Bixby program celebrates 20 years of research in Zimbabwe

This year marks the 20th anniversary of the Bixby Center's partnership with the University of Zimbabwe (UZ) in HIV/AIDS research. The collaborative research program has released a new report and website to commemorate this anniversary and highlight some of its noteworthy findings and accomplishments.

Since its launch in 1994, UZ-UCSF studies have helped shape national and global responses to the HIV/AIDS pandemic, and defined policies and standards regarding HIV acquisition, prevention, treatment and care. Examples include: 

  • Groundbreaking research in antiretroviral therapy (ART) for HIV prevention, including ART in patients co-infected with tuberculosis.
  • ART for prevention for couples with one HIV-positive and one HIV-negative partner.
  • Initiation and monitoring of pediatric ART. 
  • Microbicides for HIV prevention.
  • Community HIV testing strategies.
  • Prevention of mother-to-child HIV transmission.

Over the past 20 years, UZ-UCSF researchers have led 63 research studies with more than 15,000 participants. Additionally, the program has mentored the next generation of Zimbabwean and global researchers, supporting more than 200 upper-level students and postgraduates to date. The partnership is leading 22 ongoing studies, continuing to develop capacity to identify and respond to emerging scientific priorities.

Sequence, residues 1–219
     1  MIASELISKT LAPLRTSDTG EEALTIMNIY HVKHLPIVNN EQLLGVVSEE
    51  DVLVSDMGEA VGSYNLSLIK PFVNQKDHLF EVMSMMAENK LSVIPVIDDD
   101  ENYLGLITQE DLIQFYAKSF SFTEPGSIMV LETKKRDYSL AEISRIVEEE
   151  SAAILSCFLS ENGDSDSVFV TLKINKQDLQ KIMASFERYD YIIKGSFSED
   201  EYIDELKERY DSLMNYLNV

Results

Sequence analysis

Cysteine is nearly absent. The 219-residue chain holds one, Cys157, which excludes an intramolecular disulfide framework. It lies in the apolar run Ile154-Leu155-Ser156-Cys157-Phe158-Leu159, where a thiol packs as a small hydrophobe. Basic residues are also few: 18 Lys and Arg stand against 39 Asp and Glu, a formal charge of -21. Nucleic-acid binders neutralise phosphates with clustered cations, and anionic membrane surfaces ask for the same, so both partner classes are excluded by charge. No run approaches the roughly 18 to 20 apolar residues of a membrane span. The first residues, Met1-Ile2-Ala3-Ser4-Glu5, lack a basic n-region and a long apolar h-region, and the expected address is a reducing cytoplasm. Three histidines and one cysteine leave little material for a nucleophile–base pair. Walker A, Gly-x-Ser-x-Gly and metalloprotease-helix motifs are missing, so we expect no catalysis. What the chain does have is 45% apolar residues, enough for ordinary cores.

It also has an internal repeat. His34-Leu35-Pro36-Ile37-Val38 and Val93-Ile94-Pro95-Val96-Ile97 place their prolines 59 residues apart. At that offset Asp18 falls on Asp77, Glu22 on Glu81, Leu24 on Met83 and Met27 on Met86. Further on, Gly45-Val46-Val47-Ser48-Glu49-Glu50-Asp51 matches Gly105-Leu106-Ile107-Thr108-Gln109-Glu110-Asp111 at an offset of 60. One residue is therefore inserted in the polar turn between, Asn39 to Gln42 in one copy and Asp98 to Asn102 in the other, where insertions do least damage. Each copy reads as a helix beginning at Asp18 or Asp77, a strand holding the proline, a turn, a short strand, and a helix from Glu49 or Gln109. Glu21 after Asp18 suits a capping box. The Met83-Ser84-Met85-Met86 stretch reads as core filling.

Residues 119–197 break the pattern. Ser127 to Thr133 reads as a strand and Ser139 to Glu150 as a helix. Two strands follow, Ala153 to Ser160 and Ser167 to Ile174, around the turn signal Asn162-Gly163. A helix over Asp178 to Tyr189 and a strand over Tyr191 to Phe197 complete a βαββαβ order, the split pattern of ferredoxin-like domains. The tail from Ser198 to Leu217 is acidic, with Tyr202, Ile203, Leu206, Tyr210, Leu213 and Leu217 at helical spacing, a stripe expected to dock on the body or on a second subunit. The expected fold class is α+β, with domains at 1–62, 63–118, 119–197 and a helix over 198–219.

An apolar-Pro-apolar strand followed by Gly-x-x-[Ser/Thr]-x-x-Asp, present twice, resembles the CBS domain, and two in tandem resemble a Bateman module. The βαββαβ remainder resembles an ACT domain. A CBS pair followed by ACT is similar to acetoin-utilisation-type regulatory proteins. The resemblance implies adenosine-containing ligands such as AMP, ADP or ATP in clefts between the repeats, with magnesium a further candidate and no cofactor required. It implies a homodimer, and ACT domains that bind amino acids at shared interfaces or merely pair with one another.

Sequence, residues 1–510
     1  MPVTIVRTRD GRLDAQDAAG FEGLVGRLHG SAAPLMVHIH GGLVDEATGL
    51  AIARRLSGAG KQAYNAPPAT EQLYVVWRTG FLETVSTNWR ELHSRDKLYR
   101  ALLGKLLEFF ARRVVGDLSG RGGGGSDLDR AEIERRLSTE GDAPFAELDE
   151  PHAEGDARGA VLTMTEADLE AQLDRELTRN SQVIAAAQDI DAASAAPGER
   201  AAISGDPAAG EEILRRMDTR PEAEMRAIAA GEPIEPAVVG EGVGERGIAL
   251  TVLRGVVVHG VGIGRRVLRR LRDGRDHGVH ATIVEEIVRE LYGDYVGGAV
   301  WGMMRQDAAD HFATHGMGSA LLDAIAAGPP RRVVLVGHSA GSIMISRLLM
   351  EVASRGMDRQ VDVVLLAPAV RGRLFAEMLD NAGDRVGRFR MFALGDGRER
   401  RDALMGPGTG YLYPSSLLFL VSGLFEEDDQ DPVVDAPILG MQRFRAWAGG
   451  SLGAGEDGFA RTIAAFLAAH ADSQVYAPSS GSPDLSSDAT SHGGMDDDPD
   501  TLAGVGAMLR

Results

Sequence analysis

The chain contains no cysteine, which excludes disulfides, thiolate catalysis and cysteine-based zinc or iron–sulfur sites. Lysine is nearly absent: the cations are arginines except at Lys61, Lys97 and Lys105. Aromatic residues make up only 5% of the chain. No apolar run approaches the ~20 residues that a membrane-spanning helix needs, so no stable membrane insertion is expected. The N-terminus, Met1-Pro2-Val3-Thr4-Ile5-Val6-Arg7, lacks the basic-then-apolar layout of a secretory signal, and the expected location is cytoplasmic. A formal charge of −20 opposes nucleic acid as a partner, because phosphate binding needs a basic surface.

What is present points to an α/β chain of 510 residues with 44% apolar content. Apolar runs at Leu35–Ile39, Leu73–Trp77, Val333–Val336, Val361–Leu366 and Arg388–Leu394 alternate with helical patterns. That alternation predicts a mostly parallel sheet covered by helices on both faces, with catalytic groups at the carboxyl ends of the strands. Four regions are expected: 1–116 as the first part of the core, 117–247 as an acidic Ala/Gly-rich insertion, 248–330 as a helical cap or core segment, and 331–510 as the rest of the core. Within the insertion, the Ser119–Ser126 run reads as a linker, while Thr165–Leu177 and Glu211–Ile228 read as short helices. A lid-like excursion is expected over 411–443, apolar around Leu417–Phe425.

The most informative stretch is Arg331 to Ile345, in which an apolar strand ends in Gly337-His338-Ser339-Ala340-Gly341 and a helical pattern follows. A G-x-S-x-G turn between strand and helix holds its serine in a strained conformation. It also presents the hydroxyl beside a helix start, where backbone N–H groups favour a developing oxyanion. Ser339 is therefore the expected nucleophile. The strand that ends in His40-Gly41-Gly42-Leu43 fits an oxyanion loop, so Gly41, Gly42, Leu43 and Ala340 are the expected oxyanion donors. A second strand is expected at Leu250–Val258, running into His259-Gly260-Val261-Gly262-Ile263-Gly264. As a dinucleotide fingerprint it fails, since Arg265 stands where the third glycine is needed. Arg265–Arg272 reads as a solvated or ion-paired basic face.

Women pay significant out-of-pocket costs for abortion care

Under the Affordable Care Act, millions of women in the United States will have increased access to public and private health insurance. However, any potential gains in women’s access to health insurance will be limited by federal and state restrictions on coverage for abortion care. Even though an estimated 30% of U.S. women will have an abortion by age 45, longstanding restrictions limit the use of federal Medicaid funds for the procedure, and new restrictions limit private insurance coverage for abortion care.

New research from the UCSF Bixby Center reveals that due to these restrictions, many women pay substantial out-of-pocket costs for abortion care. Based on interviews with women visiting 30 abortion clinics nationwide, the researchers found that:

  • Twenty-nine percent paid the full cost out-of-pocket.
  • Two-thirds (71%) received some financial assistance in covering the cost of an abortion, mainly state Medicaid (34%) and other organizations (29%). 
  • Even with financial assistance, most women had some out-of- pocket costs for abortion. Out-of-pocket costs for abortion paid by the woman, family, or friends ranged from $0 to $3,700, with an average of $474. 
  • For more than half of the study participants, total out-of-pocket costs (including abortion and travel) were more than one-third of their monthly income.